Doña Teresa and the Chicken
the wooden house in Castañer didn’t come with air
conditioner or anything cool. The heat was its own
kind of music, & so was abuela—demanding,
sharp-tongued. The kind of woman, I imagine
whose teeth grew in because she told them to.
So the chicken never had a chance.
It ran around the backyard, flapping
its black-feathered wings for mercy, for god’s
attention, but Papa Dios knew better
than to get in between a woman
feeding her grandkids. I looked
over my shoulder & there she was,
chasing it, like an old lover
she came back to haunt yelling:
hijo de puta! sin vergüenza! ven acá!
Her rosary beads slapped against her chest,
over & over like a chant, & you knew everything
in her path was temporary. Even the wind buckled
at the knees, at the sight of a woman
too wise to act like her blood was softer
than it was—& I saw her do it . . . & I think she knew
because the chicken clucked so hard it spit up
its own good throat & she laughed; grabbed it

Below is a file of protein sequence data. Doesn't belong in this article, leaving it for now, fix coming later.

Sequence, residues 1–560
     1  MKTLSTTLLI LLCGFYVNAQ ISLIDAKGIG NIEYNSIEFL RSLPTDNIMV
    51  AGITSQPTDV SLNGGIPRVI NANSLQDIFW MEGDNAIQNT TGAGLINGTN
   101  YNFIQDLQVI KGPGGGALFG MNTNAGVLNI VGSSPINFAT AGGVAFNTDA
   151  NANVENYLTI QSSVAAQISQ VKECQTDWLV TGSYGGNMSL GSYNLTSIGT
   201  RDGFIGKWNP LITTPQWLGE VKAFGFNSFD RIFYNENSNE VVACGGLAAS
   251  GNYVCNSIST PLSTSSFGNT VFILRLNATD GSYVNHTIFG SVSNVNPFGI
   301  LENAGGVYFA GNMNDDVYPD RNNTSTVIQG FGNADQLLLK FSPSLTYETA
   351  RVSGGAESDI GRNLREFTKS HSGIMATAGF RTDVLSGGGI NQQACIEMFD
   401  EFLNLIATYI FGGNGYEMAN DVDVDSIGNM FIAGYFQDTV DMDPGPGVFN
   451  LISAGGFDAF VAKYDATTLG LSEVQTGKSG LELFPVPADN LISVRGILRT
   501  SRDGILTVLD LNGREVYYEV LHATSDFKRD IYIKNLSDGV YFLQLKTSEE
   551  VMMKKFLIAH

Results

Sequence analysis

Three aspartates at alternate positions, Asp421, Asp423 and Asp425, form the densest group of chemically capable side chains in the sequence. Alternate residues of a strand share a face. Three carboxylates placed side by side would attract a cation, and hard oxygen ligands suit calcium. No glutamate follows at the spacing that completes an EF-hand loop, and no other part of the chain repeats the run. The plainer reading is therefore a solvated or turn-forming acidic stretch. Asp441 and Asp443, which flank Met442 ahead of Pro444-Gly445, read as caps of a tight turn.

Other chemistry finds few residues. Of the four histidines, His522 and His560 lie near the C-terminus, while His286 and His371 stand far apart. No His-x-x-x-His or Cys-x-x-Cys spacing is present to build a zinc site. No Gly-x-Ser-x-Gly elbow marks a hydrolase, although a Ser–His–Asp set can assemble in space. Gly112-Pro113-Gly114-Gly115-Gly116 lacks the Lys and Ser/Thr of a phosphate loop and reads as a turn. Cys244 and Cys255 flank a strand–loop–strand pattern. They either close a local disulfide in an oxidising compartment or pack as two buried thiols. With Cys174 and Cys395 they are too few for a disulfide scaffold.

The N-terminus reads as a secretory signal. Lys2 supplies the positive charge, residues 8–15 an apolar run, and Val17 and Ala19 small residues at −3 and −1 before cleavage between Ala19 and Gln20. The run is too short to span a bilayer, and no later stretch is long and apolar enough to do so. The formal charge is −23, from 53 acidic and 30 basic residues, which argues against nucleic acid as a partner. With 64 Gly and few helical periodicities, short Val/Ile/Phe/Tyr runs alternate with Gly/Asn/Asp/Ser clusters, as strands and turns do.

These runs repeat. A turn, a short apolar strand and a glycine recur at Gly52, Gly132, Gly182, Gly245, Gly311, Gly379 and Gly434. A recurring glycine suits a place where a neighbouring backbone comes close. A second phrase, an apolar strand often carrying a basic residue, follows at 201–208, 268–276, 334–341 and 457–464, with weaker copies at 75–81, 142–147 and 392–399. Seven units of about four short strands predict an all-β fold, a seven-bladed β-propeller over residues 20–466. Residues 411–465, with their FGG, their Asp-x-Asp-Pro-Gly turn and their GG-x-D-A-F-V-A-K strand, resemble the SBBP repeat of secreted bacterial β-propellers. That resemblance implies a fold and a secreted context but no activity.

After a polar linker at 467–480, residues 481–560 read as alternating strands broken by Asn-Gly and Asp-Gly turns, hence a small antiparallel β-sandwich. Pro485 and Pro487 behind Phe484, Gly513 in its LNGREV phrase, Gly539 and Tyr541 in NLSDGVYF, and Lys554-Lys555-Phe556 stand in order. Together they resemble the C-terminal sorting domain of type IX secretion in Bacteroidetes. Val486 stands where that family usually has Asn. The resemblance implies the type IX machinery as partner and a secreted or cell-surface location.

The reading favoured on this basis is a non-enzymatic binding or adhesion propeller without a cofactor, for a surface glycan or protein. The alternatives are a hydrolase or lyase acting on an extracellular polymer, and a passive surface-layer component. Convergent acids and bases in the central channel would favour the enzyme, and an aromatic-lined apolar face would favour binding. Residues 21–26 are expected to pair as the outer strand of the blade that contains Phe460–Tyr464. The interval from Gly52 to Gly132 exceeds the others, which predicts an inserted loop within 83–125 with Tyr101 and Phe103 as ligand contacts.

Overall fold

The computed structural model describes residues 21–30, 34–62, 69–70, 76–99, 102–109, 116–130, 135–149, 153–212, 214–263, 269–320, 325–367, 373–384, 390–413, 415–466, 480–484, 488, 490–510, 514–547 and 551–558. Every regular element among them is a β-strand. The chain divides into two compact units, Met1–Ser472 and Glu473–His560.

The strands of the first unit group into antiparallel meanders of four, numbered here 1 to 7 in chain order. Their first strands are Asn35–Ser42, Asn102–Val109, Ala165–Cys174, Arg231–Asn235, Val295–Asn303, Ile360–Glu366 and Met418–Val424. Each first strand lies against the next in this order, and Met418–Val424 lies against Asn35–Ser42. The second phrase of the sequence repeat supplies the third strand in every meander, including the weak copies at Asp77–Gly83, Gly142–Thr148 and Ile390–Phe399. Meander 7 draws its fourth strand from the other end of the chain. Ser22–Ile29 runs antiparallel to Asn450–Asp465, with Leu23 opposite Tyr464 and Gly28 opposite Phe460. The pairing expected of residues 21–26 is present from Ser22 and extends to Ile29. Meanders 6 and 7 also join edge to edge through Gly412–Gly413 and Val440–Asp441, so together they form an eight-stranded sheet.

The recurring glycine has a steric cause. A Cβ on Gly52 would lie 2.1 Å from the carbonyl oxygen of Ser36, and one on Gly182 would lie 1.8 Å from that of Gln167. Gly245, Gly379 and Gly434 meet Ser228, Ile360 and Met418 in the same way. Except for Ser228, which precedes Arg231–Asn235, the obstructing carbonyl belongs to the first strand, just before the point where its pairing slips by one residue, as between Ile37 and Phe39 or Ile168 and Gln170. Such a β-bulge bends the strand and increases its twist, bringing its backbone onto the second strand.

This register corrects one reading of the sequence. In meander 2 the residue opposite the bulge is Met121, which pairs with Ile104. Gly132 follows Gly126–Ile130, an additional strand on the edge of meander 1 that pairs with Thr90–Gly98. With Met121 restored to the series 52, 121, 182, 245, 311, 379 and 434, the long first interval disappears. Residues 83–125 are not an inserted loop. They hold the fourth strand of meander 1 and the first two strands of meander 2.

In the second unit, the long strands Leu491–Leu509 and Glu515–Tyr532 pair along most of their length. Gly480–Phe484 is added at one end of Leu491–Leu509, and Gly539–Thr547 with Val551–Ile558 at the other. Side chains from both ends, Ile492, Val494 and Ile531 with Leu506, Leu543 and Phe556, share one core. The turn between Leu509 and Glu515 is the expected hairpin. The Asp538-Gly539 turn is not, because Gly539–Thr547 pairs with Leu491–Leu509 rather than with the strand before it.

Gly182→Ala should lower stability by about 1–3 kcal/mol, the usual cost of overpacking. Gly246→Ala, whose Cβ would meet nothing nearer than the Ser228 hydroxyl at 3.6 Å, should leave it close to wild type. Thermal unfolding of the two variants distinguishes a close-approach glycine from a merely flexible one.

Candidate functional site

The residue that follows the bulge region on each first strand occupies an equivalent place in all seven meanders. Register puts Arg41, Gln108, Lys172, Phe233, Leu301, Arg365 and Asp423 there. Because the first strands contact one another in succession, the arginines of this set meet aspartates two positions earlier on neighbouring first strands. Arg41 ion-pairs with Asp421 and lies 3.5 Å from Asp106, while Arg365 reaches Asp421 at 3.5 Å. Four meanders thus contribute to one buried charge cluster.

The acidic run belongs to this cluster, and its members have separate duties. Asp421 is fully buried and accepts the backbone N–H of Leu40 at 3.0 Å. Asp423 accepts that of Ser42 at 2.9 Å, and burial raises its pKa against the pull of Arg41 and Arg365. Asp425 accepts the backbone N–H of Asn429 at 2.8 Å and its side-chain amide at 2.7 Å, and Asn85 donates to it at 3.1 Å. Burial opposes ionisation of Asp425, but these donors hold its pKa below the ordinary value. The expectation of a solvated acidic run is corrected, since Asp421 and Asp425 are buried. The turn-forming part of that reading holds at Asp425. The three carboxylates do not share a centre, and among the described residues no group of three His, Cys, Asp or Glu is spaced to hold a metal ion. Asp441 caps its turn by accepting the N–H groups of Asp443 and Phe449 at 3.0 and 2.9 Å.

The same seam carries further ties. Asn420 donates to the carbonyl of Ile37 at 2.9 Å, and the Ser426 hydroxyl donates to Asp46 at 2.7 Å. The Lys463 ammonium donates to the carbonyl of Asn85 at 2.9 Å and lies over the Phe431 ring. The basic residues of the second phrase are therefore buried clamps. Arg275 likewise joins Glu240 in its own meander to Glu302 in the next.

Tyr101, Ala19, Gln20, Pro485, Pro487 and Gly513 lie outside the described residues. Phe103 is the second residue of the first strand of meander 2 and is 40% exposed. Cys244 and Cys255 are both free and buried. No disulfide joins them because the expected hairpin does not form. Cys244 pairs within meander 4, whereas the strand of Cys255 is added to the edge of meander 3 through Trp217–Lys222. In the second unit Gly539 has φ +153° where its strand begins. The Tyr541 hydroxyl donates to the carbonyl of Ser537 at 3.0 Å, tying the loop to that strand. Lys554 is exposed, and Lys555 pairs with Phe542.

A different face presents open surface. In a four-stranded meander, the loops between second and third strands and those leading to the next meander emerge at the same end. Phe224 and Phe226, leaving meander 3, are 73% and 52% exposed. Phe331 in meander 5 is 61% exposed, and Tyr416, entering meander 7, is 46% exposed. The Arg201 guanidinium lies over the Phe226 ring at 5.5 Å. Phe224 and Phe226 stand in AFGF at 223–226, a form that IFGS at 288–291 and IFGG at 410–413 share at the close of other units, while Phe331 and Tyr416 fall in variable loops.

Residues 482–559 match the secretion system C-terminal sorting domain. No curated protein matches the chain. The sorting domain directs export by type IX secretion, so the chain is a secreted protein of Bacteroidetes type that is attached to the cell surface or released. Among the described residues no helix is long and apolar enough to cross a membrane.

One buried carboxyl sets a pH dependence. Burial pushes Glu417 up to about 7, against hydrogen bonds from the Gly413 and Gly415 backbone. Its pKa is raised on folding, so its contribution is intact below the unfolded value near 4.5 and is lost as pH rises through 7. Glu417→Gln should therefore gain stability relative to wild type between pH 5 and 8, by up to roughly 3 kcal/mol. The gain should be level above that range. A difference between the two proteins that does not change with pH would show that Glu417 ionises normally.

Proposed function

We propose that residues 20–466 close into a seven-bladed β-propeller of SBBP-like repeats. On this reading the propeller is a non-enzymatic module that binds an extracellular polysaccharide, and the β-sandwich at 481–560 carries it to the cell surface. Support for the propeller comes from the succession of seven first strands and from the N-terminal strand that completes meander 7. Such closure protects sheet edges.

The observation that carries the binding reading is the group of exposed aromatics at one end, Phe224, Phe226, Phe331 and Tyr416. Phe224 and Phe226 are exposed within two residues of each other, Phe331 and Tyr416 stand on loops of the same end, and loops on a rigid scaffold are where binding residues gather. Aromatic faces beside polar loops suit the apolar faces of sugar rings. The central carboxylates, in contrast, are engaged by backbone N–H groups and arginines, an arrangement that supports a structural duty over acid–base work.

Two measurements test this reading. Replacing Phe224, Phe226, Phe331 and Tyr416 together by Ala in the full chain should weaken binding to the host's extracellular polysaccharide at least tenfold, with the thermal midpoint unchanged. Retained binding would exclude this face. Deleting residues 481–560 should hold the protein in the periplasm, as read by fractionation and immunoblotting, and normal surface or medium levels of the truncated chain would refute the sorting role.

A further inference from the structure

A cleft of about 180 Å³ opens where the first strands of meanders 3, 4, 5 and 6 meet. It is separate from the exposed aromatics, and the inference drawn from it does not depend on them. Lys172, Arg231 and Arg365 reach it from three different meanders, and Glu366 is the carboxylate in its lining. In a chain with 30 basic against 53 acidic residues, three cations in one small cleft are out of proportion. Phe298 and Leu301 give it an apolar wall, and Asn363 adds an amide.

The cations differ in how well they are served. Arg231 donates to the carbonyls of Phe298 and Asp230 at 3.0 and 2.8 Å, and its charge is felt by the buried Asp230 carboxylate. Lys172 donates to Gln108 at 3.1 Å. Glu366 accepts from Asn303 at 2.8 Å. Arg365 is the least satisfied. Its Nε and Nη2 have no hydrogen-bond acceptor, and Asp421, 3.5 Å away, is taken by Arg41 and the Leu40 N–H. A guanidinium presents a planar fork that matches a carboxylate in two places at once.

by the neck & swung it high above her
head like a propeller. All summer I tried,
but couldn’t unsee that. Once, she gutted mom’s
favorite pig with a machete & fed it to her—
on her 12th birthday. Maybe that’s how mama learned
to love us, to kill the thing that feeds you.
Years later, she didn’t go to her best friend’s funeral
or the vecina who mothered her in New York. Barely
made it through abuela’s; I suppose all she had was to love
until death. & no more. But when we got to the funeral
home & saw Doña Teresa lying
in the casket—arms crossed, chin cocked up—
the whole family busted out crying,
wanting her to come back, wanting her to shout:
Didn’t I prepare you better than this—
Originally published in The Adroit Journal.